By Janis Prince Inniss

As you head into finals, are you planning to cheat? Just enough to pass your class? Or to get an A? Just enough to boost your grade a tad? Should the likelihood—or not—that you will get caught impact whether or not you cheat? If you answered yes to any of these questions, you are in the majority, as 61 percent of undergraduate college students admit to cheating.

Academic dishonesty is on my mind because I’ve just read a troubling account in the Chronicle of Higher Education of a “shadow scholar”: someone who makes a living writing papers, theses, and exams for college students and entrance essays for those seeking to enter universities. I’ve long been aware that this service exists and I have worked with at least one person whose ignorance suggested that his doctorate was obtained with the services of such a person, but it was still chilling to read details about this person’s work.

Also in the news is the case of University of Central Florida Professor Richard Quinn. Comparing data between his summer and fall classes, Professor Quinn noticed that the fall class scored about one and a half letter grade higher than his summer class—a first in ten years teaching this capstone business course. Professor Quinn received an anonymous tip that about a third of his 600 students had made use of a test bank (which has answers!).

The professor has been receiving some publicity for his speech to students detailing the violation; he offered amnesty to cheaters who confessed and agreed to take an ethics seminar. In the speech, the professor describes himself as “physically ill” and “absolutely disgusted” by the cheaters. Meantime, his assistants have recreated the midterm—without the aid of test banks—and every student in the course was required to retake it.

Here is an interview of one of the students who says that he thought he was reviewing a study guide, and therefore had no idea that he was cheating.  

Researchers conclude that students cheat because their peers do. As they point out, today’s students face a highly competitive world and try to take every advantage to receive top grades. In this context, recognizing that their peers are cheating and reaping the benefits of good grades without the requisite work, students do not want to be, or feel, that they are at a disadvantage. As earlier researchers in this field pointed out, social learning theory helps us make sense of this: we model our behavior based on what we observe. If “everyone is doing it’, then it’s normal, right?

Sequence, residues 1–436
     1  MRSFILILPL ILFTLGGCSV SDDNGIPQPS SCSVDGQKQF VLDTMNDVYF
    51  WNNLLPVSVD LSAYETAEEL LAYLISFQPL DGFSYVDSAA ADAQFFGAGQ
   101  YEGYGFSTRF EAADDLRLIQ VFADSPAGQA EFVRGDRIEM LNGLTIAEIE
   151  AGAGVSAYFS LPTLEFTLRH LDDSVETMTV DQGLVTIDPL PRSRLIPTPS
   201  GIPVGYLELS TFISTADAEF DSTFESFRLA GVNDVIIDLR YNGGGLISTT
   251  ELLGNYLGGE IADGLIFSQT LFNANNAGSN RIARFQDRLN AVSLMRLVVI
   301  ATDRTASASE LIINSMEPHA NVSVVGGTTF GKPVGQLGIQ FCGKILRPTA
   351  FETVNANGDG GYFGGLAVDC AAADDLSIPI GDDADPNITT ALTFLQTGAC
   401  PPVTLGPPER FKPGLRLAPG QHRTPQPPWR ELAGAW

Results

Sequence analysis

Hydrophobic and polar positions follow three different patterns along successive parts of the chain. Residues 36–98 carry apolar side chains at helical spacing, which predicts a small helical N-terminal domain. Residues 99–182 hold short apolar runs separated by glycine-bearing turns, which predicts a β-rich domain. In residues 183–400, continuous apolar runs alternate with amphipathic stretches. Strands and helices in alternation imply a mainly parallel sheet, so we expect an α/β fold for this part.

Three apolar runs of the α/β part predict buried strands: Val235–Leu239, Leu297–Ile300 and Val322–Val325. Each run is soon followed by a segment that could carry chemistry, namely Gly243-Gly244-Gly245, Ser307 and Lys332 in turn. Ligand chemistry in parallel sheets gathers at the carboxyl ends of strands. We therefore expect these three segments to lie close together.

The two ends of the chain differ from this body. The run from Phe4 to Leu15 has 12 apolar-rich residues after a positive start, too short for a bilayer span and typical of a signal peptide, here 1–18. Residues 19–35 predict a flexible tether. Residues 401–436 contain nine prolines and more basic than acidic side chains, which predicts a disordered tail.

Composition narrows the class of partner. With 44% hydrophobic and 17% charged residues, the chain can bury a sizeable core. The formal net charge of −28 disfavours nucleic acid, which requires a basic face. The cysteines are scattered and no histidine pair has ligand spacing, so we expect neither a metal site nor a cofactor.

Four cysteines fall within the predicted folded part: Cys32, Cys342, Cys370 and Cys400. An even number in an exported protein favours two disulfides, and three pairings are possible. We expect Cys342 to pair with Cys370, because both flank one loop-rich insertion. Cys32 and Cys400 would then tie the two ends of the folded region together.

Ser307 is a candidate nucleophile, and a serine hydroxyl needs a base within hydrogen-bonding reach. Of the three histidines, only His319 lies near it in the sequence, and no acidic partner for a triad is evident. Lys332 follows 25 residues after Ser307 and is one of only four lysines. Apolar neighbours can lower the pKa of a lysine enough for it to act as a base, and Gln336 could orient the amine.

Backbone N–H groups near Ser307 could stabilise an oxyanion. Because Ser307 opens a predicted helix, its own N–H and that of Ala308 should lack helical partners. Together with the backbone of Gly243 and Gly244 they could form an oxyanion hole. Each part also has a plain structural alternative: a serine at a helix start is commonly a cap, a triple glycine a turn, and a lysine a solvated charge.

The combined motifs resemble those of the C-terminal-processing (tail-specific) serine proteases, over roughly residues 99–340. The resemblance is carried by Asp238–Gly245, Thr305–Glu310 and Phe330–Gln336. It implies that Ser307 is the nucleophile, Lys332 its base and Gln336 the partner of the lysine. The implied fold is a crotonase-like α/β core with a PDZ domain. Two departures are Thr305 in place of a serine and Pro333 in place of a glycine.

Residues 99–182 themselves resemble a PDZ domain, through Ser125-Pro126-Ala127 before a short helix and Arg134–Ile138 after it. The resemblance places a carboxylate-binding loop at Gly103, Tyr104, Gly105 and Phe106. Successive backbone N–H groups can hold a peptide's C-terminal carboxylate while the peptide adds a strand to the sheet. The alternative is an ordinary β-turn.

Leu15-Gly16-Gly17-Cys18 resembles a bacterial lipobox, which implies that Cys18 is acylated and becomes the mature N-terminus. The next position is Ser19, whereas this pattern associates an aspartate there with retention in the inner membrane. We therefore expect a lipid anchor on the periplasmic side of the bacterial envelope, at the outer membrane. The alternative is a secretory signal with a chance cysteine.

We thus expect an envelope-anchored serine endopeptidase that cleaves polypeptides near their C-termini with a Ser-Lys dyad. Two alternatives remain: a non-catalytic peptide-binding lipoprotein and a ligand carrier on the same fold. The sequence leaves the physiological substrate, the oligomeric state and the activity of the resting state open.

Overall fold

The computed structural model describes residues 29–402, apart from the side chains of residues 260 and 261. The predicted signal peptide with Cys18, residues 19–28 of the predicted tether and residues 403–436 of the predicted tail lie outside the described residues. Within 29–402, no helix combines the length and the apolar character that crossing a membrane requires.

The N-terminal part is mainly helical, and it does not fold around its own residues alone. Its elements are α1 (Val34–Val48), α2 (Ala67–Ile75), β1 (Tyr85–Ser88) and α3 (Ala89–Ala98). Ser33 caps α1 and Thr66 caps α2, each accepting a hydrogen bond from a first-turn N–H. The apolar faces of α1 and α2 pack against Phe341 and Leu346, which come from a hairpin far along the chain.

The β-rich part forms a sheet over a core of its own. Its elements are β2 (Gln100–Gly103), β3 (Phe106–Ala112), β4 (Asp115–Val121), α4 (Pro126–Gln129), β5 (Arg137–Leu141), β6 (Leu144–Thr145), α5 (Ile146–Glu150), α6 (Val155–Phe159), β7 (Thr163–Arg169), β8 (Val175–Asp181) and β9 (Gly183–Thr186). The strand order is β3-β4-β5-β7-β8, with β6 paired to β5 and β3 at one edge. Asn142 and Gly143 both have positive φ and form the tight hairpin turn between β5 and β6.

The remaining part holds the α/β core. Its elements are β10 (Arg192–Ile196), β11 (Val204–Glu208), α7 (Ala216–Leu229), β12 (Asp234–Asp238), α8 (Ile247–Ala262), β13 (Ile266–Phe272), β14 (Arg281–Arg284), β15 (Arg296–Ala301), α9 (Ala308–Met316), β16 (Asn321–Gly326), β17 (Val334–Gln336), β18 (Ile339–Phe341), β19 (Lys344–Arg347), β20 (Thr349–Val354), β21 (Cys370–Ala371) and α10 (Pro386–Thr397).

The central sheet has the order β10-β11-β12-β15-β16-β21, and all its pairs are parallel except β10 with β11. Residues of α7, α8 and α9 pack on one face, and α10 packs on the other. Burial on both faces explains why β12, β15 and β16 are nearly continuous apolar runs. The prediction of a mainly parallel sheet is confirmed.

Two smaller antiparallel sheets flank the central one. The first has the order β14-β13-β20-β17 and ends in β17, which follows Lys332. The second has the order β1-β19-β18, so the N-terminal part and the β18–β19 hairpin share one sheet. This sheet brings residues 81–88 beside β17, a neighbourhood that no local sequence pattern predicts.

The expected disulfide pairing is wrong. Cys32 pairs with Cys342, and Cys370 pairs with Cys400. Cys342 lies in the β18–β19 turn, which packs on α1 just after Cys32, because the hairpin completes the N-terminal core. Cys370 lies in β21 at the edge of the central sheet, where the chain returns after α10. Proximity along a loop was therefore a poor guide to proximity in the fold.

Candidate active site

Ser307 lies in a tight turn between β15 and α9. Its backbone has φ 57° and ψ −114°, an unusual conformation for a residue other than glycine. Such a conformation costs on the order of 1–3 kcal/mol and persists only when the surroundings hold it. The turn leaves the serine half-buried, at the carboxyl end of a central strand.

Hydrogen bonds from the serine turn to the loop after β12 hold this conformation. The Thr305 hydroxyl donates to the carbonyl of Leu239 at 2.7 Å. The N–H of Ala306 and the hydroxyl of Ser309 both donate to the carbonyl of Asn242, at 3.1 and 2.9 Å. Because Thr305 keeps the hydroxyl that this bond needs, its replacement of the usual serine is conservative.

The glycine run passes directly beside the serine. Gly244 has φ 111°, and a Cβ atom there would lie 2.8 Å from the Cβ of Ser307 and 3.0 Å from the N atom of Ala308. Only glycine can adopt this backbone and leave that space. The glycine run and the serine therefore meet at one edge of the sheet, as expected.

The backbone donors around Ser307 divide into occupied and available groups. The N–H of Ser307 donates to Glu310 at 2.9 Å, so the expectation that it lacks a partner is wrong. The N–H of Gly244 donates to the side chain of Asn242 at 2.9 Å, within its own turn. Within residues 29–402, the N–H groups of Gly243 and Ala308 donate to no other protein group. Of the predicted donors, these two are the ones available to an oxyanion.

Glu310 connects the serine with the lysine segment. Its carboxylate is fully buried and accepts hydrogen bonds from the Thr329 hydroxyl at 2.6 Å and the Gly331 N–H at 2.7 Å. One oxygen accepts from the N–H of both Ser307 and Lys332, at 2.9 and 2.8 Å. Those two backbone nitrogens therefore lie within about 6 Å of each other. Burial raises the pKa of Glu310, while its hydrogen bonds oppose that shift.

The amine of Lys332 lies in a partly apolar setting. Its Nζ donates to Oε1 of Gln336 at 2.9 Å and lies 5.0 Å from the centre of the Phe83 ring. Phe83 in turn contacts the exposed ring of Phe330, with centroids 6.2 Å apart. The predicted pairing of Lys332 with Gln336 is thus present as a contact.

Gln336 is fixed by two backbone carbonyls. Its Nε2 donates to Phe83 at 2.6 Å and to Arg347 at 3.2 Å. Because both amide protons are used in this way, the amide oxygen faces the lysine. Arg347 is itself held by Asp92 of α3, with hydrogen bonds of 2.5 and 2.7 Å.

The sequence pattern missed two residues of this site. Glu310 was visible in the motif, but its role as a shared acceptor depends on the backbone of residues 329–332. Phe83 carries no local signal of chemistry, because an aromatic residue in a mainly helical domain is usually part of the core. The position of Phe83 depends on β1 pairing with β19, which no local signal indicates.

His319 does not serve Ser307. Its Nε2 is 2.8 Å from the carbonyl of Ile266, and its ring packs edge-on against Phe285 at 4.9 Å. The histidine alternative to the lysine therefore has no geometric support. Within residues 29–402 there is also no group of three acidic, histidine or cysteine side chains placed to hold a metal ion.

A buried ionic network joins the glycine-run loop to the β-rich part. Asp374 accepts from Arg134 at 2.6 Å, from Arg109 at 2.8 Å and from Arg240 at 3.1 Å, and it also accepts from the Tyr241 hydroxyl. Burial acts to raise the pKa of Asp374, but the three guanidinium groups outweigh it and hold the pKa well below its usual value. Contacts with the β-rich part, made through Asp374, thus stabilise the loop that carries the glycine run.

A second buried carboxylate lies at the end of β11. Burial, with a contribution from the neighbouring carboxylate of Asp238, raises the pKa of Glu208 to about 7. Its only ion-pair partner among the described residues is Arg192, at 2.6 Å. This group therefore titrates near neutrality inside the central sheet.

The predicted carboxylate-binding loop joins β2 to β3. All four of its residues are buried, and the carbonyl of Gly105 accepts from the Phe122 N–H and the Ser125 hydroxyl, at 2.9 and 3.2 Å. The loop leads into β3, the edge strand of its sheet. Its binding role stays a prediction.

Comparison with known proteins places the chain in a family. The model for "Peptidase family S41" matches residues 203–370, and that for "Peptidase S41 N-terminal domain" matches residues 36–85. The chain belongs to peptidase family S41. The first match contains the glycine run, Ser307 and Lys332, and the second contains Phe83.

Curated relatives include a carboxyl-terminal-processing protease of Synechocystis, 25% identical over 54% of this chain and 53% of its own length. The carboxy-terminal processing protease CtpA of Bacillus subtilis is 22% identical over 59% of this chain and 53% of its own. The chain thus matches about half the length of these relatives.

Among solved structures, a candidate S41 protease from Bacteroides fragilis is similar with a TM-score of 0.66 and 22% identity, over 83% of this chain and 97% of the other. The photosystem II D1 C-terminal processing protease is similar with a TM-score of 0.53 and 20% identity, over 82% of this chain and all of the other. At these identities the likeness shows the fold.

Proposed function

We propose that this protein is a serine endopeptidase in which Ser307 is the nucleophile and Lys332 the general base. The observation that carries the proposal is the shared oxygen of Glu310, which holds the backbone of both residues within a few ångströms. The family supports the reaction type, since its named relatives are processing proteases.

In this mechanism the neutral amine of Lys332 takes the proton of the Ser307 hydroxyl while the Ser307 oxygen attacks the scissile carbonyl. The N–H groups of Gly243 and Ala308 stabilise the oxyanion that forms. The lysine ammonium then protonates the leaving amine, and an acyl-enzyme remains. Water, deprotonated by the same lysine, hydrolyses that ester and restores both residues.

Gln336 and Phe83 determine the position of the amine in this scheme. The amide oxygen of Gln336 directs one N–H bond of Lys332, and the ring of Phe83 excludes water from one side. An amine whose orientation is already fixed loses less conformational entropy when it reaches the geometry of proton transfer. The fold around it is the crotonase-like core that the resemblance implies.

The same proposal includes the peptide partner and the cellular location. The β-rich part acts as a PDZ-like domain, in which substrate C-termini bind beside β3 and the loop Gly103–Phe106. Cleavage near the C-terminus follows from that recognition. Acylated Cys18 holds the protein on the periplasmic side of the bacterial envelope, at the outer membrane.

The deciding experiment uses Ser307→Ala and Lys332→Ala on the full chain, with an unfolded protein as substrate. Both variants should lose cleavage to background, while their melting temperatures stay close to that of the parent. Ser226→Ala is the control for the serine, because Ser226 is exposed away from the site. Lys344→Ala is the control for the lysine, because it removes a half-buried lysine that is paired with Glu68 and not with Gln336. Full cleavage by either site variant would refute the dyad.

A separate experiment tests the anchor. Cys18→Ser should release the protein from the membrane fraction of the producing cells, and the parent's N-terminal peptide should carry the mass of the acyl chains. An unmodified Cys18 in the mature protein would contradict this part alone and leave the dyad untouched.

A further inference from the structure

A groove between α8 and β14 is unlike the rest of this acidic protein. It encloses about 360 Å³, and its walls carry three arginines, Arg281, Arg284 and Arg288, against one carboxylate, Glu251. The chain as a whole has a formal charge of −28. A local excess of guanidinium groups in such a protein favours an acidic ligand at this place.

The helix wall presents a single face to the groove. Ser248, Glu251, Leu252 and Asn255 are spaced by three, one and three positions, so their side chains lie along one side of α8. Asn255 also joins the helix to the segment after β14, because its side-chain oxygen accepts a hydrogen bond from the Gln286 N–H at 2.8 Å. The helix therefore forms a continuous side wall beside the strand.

Universities continue to try to outwit students bent on cheating their way through college. In fact, the same university at which Professor Quinn teaches was the subject of a New York Times article on the high tech ways to colleges are attempting to thwart would-be cheats. Of course, one of the issues that we expect will impact cheating is faculty response to the problem. I received my first clue that faculty do not necessarily respond as they should or could when I was a teaching assistant in graduate school. I discovered that two students had plagiarized large passages of a book in their term papers. The passages were lifted straight out of the assigned readings! I expected that the professor would be as outraged as I was—both at the offense and that the students didn’t even bother to find books they thought we were unfamiliar with from which to copy. As I recall, the university policy was that cheating students would receive an “F” in the course and possibly face other disciplinary proceedings.

So what did the professor do to the culprits? He gave them each a “C” and the case did not go to the university administration. So while some of us bemoan the lack of student effort to match the demands for a good grade, many faculty and university administration —either directly or indirectly—are complicit in this game. If faculty look away at student cheating—as happened with the professor and the two plagiarists—what message does that send to students? And if department chairs and university administration over-rule faculty who drop the ax on students, what message does that send to students? Like other entities, universities are conscious not to offend their ‘customers’ and many will do anything but upset their students, including condoning cheating.

There are many other relevant issues that are worth their own discussion so keep an eye on the blog for related posts. Meantime, some issues to consider: If and when you cheat in class, who are you cheating? Yourself ? Society? Your parents? Your classmates? Ultimately, are you cheating yourself of an education, and if so what does that mean?